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Posted June 17, 2008
I have been trying to find help for insomnia for 28 years. I have been to two of the top research medical facilities in the country and have not been helped. I have taken every drug on the market. I thought I was getting dementia but after a recent $7000 work up I find I don't have dementia. What I have is drug side affects. And then I read this book!! For the first time I found some new things to try, I now understand much more about insomnia, and I will no longer seek help from the sleep docs. I don't think that they will have any help for us for several more years. In the meantime I will stay in touch with my fellow insomniacs on Gayle's website. They are much more helpful. What is clear upon reading the book is that our doctors don't know anything that can be helpful about insomnia and also that they really don't know enough about the dangers of the drugs that they are handing out. The pharmaceutical companies are in control of America's health care. For anyone who struggles with insomnia this book is a must. I am sending it to my doctors knowing that they will learn more by reading it than at any conference they will attend. That is IF they read it!!! This is the Insomniacs Bible. Read it!!!
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Posted September 2, 2012
Diving into the Wreck Gayle Greene¿s Insomniac is an amazing memoir. For one thing, it lacks the self-absorption one fears when picking up a book-length memoir. The Moby Dick of this book is the condition of insomnia. The Ishmael is Gayle Greene. Or
Gayle Greene’s Insomniac is an amazing memoir. For one thing, it lacks the self-absorption one fears when picking up a book-length memoir. The Moby Dick of this book is the condition of insomnia. The Ishmael is Gayle Greene. Or is she an exhausted Odysseus, struggling through a daunting voyage, pursued by vengeful gods? Like Moby Dick, this tale is studded with individual chapters devoted to specific themes. Other reviews of Insomniac focused, naturally enough, on its efficacy in curing insomnia (she quotes W. C. Fields: “Get plenty of sleep.”). But as a non-insomniac (mostly), I read this as a memoir. Indeed, the cover blurb quotes WSJ referring to it as “a harrowing memoir.” But really, it goes beyond harrowing. Here we have Gayle Greene the insomniac pursuing her quest for the sleep that knits up the ravelled sleeve of care. She is like Odysseus descending into the netherworld. She goes to sleep disorder conferences! She takes medically prescribed remedies—with only limited success. She interviews her fellow sleep-deprivees. At every corner, she hits a wall (sorry for the mixed metaphor). The skin-flailing honesty reveals…well, an honest searcher for a light in the darkness…or rather, darkness in the searing light of sleeplessness. There is courage here not only of honesty about failure to discover the cure but also of self revelation.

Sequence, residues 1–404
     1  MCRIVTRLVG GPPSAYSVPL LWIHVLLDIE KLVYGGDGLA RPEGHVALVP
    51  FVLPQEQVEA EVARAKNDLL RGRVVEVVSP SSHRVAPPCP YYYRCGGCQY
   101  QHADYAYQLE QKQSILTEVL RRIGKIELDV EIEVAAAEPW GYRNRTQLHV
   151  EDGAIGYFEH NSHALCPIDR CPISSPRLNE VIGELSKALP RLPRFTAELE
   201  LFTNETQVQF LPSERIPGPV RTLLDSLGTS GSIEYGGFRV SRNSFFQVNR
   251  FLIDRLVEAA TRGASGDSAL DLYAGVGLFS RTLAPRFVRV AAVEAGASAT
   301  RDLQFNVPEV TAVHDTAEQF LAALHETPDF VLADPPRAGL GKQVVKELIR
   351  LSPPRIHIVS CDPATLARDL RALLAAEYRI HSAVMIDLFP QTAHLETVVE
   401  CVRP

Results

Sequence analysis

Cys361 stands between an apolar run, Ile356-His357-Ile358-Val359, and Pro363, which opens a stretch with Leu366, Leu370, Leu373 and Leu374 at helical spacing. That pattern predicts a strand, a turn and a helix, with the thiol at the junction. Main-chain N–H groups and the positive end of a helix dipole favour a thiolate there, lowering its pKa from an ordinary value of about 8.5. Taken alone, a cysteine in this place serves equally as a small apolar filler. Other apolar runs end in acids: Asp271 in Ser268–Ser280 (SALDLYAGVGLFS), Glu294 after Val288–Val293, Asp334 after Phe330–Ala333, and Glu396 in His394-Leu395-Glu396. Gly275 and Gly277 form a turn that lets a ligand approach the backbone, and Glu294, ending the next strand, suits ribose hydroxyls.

I learned, as a sleep-deprivation dabbler, a lot about sleep. I learned about the importance of the different kinds of sleep, how long it takes to reach the kind of sleep that truly refreshes, and the cycles of sleep. It made me respect sleep in a way I had not before. In a scientific sense, I guess we don’t know why sleep is so important. Experientially, of course, we do. And Gayle Greene’s phenomenological analysis of the process of sleep—and sleeplessness—is superb.
This book is not just for the sleep deprived. It is an odyssey into the dark world of wakefulness. As Fitzgerald said, “In the dark night of the soul, it’s always two o’clock in the morning.” I recommend this, insomniac or not. Take it to bed with you; stay up all night reading it.
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